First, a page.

Industry body Assocham has suggested a multi-pronged strategy, including a six-month amnesty scheme and a 40-per cent tax on the amount repatriated under the amnesty scheme, to bring back an estimated $2 trillion (Rs1,20,00,000 crore) of black money stashed abroad.
Ved Jain, chairperson of Assocham's Direct Taxes Council, suggested that the government come out with a six-month amnesty scheme that will facilitate transfer of such funds back home on voluntary basis with payment of 40 per cent tax. This would make available Rs48,00,000 crore of much-needed funds to the government, according to Jain.
At Rs1,20,00,000 crore, Assocham's estimate of black money generated in the country is more than the country's nominal GDP, which stood at Rs1,14,00,000 crore (or $1.9 trillion) in 2013-14.
Assocham's estimate is higher than various earlier estimates, which have pegged the quantum of black money between $500 billion and $ 1.4 trillion.
So far, there is no official estimate of black money in India.
A study commissioned by the UPA government in March 2011 to estimate the amount of black money stashed in India and abroad is yet to be completed, though it was to have been completed within 18 months.
Besides the 40 per cent tax on all money offered under the amnesty scheme, the chamber suggested an additional 10 per cent levy on the total money brought back, which, it suggested, could then be parked in infrastructure bonds.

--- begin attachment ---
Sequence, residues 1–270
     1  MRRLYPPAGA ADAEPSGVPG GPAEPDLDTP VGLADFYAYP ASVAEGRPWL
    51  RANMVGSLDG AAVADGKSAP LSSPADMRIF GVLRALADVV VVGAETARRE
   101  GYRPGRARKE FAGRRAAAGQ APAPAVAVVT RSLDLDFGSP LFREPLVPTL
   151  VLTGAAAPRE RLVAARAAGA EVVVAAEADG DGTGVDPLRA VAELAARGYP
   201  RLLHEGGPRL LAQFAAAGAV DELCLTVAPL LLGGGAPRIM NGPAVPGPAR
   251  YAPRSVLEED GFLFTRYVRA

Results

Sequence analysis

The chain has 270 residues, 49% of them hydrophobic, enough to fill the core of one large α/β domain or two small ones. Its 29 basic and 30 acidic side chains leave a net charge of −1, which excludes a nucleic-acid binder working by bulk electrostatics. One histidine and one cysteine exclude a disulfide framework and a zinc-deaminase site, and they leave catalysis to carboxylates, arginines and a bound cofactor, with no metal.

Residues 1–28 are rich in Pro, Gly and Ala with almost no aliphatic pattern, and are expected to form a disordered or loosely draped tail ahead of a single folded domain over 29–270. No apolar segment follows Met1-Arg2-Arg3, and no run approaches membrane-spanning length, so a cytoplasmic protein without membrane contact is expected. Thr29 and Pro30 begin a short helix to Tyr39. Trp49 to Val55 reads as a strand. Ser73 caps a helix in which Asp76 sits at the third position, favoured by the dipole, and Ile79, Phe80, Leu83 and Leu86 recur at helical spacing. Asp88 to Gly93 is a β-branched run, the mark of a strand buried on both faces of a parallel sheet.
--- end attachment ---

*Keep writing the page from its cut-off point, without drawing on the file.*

''In all, as much as 50 per cent of funds brought back could be taken away by the government. Out of this, 10 per cent can be returned to the declarant at the expiry of the tenure of infrastructure bonds,'' said Jain.
The proposal is in support of the efforts of the new government to find legal ways to bring black money stashed abroad, Jain said.
''As this effort has worked for other countries, it is feasible and will be a pragmatic step for India to launch an amnesty scheme,'' RK Handoo, who heads Assocham's legal affairs committee, said.
He also felt that the assurance given by the government to the Supreme Court in the late '90s that no further amnesty schemes will be launched can always be modified.
''If the new government takes a stand that an amnesty scheme should be offered, it can always go to the Supreme Court and seek its clearance,'' Handoo said.
''The proposal will also be sent to the Special Investigation Team (SIT) formed at the behest of the Supreme Court, which has already begun its deliberations,'' said Assocham senior vice president Sunil Kanoria while releasing the paper along with Ved Jain, RK Handoo, chairman of Assocham's legal affairs council and secretary general DS Rawat.
Assocham has also pitched for uniform stamp duty of 3 per cent on real estate transactions across the country.